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Word Of The Day: Volatility
Are you prepared for increased volatility? It’s common for markets to only get more volatile as we go deeper into bear markets. As uncertainty, illiquidity and impatience grows, more market participants start to hope for market extremes: either that the market has bottomed and a new bull cycle is one Federal Reserve pivot away or that the limit down, margin call liquidation day will happen imminently because of a Credit Suisse collapse. Everyone hangs on the edge with each major market move to give them some sort of signal. Price ranges start to widen and some (would-be) weekly or monthly moves are condensed into just a single day of action.
Even arguably one of the best investors of all time, Stanley Druckenmiller, finds today to be one of the hardest environments to figure out:
“I have been doing this for 45 years and between the pandemic, the war and the crazy policy response in the U.S. and worldwide, this is the hardest environment I have ever encountered to try and have any confidence in a forecast six to twelve months ahead.”
For most, it’s best to sit out the action and have a large risk-off position, ready to deploy after markets have stabilized or calmed down.
We still hold our same view that new lows are likely to be made and that we’ve yet to reach a final conclusion yet to the cycle for equities, risk assets and bitcoin.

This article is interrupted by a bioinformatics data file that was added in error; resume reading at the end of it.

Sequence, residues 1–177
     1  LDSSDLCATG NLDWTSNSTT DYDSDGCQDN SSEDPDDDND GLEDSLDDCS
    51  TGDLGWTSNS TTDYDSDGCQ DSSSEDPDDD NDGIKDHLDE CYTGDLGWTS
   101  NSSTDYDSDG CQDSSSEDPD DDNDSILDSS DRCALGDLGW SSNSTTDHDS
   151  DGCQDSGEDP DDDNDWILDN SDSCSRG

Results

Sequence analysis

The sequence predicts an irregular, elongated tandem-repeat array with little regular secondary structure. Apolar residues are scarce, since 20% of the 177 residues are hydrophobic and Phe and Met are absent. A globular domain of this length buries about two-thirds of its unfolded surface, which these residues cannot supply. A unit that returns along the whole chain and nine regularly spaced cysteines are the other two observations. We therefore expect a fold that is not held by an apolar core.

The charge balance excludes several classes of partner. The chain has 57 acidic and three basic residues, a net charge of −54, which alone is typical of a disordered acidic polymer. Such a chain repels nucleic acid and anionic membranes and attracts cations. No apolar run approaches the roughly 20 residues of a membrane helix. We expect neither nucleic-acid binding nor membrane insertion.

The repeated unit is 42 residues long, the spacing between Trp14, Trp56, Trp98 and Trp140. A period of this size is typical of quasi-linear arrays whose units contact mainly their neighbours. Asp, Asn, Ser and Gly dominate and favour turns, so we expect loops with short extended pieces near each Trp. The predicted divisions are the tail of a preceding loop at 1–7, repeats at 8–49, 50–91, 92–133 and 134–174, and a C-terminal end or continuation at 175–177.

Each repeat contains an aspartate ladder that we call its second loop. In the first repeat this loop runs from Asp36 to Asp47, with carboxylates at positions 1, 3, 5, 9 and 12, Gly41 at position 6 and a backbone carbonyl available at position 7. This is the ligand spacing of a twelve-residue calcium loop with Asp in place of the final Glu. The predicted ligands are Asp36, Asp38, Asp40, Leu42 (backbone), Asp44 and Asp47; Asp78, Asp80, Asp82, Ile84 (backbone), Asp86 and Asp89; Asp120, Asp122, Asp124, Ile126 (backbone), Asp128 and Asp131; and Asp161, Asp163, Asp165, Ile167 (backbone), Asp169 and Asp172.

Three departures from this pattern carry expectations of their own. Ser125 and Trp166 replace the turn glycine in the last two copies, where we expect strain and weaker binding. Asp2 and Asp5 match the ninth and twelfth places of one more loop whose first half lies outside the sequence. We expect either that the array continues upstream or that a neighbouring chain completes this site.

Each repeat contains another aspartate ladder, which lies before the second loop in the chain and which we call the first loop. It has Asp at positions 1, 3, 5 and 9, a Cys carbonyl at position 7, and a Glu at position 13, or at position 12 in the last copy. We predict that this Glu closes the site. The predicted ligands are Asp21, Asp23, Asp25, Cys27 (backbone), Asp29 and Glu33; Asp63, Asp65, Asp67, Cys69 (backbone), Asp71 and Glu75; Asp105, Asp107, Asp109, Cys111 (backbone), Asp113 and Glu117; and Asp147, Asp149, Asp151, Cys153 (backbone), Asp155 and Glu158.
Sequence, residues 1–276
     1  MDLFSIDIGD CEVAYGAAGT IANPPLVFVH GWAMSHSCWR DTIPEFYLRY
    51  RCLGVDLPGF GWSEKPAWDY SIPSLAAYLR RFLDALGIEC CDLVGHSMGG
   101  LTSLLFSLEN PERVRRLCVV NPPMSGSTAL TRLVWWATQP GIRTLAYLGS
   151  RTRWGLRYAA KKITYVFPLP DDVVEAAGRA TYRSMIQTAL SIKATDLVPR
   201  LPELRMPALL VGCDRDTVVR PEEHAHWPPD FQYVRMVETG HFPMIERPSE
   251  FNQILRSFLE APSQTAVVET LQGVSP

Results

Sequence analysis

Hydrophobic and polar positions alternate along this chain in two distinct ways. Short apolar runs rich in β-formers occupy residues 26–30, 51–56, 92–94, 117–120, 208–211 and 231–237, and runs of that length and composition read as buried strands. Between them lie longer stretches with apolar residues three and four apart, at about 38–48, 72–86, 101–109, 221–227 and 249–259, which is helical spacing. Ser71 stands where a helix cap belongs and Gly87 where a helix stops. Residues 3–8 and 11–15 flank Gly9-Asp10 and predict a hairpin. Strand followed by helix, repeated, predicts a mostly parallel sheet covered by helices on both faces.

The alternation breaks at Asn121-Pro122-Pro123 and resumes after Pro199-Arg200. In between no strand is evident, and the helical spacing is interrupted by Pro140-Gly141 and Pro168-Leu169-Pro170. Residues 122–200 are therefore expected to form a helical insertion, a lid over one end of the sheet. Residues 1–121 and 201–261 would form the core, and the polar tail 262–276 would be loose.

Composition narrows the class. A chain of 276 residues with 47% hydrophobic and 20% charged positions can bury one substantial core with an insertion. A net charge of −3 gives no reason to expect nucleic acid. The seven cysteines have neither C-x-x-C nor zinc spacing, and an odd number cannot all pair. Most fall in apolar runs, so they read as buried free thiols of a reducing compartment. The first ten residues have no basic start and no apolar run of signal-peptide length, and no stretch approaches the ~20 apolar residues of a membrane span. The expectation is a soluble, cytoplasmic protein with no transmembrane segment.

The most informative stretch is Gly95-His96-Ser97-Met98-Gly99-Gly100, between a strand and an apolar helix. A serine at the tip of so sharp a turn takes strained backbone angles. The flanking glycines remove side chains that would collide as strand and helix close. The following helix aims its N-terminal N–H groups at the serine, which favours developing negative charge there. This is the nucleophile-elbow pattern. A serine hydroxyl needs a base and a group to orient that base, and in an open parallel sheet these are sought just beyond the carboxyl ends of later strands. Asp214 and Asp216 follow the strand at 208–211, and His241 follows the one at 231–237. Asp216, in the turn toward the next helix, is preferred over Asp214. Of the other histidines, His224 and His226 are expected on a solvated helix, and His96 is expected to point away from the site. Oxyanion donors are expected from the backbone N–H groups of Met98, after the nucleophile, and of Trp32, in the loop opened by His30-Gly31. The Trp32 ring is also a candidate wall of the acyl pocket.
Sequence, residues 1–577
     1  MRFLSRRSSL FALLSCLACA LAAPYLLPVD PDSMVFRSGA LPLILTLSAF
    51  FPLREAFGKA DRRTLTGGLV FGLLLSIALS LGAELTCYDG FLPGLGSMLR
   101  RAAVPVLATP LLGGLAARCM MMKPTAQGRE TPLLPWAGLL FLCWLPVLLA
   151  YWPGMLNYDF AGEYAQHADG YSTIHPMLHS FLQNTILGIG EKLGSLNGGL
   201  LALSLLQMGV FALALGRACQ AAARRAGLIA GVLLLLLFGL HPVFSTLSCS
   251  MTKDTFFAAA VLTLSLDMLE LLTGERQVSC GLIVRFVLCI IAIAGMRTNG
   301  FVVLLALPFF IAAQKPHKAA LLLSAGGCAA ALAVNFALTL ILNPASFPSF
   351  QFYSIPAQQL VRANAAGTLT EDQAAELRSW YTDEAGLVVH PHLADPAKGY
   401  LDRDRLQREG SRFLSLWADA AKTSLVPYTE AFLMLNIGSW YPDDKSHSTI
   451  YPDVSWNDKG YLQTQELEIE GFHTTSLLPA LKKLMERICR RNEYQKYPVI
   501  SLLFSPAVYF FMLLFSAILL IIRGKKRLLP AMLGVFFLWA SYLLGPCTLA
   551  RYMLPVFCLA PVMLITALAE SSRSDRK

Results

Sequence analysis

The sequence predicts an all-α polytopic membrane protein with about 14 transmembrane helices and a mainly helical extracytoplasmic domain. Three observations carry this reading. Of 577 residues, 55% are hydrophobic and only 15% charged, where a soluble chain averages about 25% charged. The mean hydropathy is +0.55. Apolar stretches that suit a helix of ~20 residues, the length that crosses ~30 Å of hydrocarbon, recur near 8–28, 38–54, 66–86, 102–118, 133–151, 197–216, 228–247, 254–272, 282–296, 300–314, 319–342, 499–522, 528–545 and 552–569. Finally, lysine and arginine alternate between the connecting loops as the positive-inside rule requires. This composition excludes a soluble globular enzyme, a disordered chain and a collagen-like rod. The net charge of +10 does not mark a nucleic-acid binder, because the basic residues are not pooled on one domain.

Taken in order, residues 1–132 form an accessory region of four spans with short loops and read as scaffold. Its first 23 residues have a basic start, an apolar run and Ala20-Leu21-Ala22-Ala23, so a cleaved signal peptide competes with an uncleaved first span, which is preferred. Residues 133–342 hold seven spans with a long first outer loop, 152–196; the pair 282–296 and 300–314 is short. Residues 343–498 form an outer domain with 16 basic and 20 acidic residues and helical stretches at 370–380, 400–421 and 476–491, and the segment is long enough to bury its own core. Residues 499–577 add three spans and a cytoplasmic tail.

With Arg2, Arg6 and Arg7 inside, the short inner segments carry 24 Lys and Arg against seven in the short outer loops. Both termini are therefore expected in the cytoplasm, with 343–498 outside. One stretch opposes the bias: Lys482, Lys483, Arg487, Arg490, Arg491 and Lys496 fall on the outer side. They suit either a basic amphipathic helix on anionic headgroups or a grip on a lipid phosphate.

We will remind readers of the magnitude of bear market rallies that we’ve seen so far and the magnitude of these rallies in 2000 and 2008 analogues. There are other cycles to study and compare but these are just a few recent examples.
We’ve already seen a significant 17.41% rally from lows for the SPX with bitcoin running to $25,000. Yet, that didn’t change its next reversion lower and, what we think, is the medium-term downside trajectory playing out still. Even in the last-stage collapses of 2002 and 2009, the S&P 500 saw rallies over 20% before going lower. As the market piles in to overshort bloody conditions and doomsday news on higher leverage, remember that there’s no free lunch.
Another interesting point to note is that bear markets are typically short, lasting 10 months on average. That 10-month benchmark would roughly put us to where we are today. Yet, there’s a useful idea and thesis to be made that the current destruction we’ve seen so far has been about the readjustment to a unique and historic time for rates, bonds and credit. We’ve barely even arrived at what is the classic and cyclical earnings bear market.
As bonds, currencies, and global equities all have continued trading with increasing levels of volatility, the recent historical and implied volatility of bitcoin is eerily muted compared to historical standards.
While the lack of recent volatility in bitcoin could be a sign that much of the leverage and speculative mania of the bull market has been almost entirely washed out, our eyes remain on the outsized legacy markets for signs of fragility and volatility, which could serve as a short/intermediate-term headwind.
While the world around bitcoin’s price action looks to be becoming increasingly uncertain, the Bitcoin network remains completely unaffected at the protocol level, continuing to do its job as a neutral monetary asset/settlement layer, despite its exchange rate volatility.
Tick tock, next block.
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